An amputation between the elbow and wrist is called a transradial (across the radius) amputation. If the amputation is made through the wrist itself it is known as a wrist disarticulation. The major differences between these two levels are the overall length and the fact that no bone is cut in a wrist disarticulation.
With wrist disarticulation and longer transradial amputations, you may still have some rotation of the forearm (called pronation and supination); for shorter transradial amputations there might be a small amount of rotation but it will generally not provide much dexterity. With longer residual limbs the socket will usually extend around halfway up your forearm, whereas a short residual limb (less than roughly half of the original forearm length) the socket might extend to just above the elbow.
The prosthetic socket is usually made from fibreglass, but metal and leather can also be used (although these are much less common). To hold the prosthesis on to your limb, we can use a number of different methods:
There are two basic types of upper-limb prosthesis:
You might decide to have one of each to suit different activities. A dress limb looks cosmetically appealing but provides little functional use. They can be used for simple tasks such as holding something down (such as a piece of paper when writing), for stabilising an object against your body or other hand, and they give you symmetry and the ability to make gestures.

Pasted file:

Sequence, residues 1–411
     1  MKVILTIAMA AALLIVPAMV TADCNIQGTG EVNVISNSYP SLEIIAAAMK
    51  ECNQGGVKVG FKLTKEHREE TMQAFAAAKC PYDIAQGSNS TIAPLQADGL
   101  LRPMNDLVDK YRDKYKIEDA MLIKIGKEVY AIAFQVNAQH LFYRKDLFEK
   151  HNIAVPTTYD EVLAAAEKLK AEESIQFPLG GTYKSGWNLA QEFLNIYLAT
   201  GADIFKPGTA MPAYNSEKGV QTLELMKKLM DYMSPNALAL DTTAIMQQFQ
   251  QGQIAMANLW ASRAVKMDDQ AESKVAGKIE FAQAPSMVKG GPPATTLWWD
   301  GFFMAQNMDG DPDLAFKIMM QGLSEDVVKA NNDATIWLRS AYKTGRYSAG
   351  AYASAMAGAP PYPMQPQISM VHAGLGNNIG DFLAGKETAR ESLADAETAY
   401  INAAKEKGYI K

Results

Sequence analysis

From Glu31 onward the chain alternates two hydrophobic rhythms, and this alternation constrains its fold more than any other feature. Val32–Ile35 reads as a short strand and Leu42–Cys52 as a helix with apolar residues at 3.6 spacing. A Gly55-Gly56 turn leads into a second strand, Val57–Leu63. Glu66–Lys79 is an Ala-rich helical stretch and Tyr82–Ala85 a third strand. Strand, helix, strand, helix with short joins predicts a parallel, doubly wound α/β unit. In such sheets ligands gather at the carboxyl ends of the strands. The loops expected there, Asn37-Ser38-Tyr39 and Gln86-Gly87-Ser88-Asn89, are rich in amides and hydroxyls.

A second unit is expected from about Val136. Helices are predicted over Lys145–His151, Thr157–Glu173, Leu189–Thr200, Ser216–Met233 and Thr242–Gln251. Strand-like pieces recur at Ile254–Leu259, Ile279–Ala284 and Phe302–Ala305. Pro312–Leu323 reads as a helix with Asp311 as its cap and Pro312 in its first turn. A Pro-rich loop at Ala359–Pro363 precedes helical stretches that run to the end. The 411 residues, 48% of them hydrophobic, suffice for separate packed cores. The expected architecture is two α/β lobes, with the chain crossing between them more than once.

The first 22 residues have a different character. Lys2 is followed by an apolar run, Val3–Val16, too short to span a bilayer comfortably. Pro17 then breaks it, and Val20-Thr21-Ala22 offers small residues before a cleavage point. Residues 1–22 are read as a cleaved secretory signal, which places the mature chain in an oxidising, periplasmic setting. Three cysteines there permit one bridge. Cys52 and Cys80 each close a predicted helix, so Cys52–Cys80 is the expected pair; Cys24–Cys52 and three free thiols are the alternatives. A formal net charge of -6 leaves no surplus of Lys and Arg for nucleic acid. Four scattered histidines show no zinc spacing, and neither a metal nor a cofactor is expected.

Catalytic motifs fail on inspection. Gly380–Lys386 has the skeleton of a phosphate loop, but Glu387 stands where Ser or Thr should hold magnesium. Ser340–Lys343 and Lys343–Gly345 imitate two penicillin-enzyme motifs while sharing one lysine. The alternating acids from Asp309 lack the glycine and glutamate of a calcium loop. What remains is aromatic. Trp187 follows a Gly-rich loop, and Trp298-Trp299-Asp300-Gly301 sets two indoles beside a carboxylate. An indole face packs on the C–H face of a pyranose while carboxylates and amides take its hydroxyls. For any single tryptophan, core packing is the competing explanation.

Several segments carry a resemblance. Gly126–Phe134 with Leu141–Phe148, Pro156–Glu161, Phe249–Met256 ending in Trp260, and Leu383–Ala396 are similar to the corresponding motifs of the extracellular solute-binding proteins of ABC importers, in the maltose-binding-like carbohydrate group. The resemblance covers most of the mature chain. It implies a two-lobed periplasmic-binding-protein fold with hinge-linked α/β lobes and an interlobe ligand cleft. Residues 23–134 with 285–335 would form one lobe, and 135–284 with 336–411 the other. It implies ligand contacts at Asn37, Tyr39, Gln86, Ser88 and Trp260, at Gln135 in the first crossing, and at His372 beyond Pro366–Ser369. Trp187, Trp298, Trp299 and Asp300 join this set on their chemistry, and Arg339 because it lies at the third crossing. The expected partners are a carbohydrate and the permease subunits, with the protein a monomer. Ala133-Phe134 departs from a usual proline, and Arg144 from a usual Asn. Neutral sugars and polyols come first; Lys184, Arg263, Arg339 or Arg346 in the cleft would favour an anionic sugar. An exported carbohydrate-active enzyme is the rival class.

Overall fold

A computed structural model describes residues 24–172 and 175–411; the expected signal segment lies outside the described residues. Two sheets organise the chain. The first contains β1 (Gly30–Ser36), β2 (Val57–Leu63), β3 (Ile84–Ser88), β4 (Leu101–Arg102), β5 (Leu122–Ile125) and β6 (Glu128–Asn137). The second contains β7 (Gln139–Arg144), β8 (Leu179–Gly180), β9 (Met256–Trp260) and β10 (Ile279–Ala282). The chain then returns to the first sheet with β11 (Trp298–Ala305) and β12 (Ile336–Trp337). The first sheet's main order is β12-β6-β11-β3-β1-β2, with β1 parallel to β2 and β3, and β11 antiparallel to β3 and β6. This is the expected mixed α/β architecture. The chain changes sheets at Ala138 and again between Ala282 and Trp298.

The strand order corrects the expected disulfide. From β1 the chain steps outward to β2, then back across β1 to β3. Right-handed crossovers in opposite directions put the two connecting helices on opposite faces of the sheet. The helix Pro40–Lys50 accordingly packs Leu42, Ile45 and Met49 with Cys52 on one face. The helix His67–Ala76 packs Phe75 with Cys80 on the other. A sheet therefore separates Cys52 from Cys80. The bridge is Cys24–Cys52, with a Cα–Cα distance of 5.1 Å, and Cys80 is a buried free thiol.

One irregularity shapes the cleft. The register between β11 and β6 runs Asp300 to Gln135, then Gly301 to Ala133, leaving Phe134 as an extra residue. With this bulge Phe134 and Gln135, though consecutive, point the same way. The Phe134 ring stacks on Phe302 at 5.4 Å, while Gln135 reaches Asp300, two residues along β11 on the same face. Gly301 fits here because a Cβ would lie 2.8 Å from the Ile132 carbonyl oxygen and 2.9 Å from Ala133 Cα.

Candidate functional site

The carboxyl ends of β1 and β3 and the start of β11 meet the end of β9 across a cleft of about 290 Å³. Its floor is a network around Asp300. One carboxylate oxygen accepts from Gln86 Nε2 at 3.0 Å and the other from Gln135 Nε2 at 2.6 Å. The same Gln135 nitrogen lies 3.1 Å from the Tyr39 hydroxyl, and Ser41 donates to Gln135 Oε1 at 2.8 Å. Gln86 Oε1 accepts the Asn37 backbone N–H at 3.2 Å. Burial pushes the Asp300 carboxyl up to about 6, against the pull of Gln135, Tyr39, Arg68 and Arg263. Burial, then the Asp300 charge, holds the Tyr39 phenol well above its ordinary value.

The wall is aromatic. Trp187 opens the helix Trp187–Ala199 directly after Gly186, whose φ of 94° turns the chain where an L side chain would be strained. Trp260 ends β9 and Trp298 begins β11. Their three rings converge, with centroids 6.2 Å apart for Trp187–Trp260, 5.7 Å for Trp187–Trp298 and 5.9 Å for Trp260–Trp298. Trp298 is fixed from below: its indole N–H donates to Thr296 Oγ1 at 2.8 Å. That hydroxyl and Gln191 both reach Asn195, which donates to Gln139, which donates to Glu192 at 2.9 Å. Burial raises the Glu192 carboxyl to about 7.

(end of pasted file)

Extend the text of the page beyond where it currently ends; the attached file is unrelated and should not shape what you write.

A functional or work limb may look a little more unusual but can give a great deal of functional improvement. They can be fitted with a range of alternative hand units (called terminal devices), including hooks, grippers and specific tools such as hammers, steering wheel attachments and cutlery. Some devices can be operated via a control cable that attaches to a strap around your shoulder; by moving your shoulders backwards and forwards, you pull or release the cable and the device opens or closes. We can also manufacture specialised prosthetic arms for performing a specific task, such as cycling, kayaking, holding a camera and such like. Ask your prosthetist for advice if you have a particular request.
While some functional hand units are mechanically activated, others are operated electronically. These myoelectric (Greek: myo, muscle) use sensors in the socket to detect movement in certain muscle. This contraction of muscle generates a signal that turns on a small motor in the hand, moving the fingers or wrist. These prostheses are very expensive and are not suitable for everyone, but can offer a great deal of function and control. The latest hand units include several pre-programmed modes that allow you to perform specific tasks such as turning a key in a lock, carrying a bag or typing.
For further information or if you would like to make an appointment with a member of our clinical prosthetic team, please call APOS on 091 796983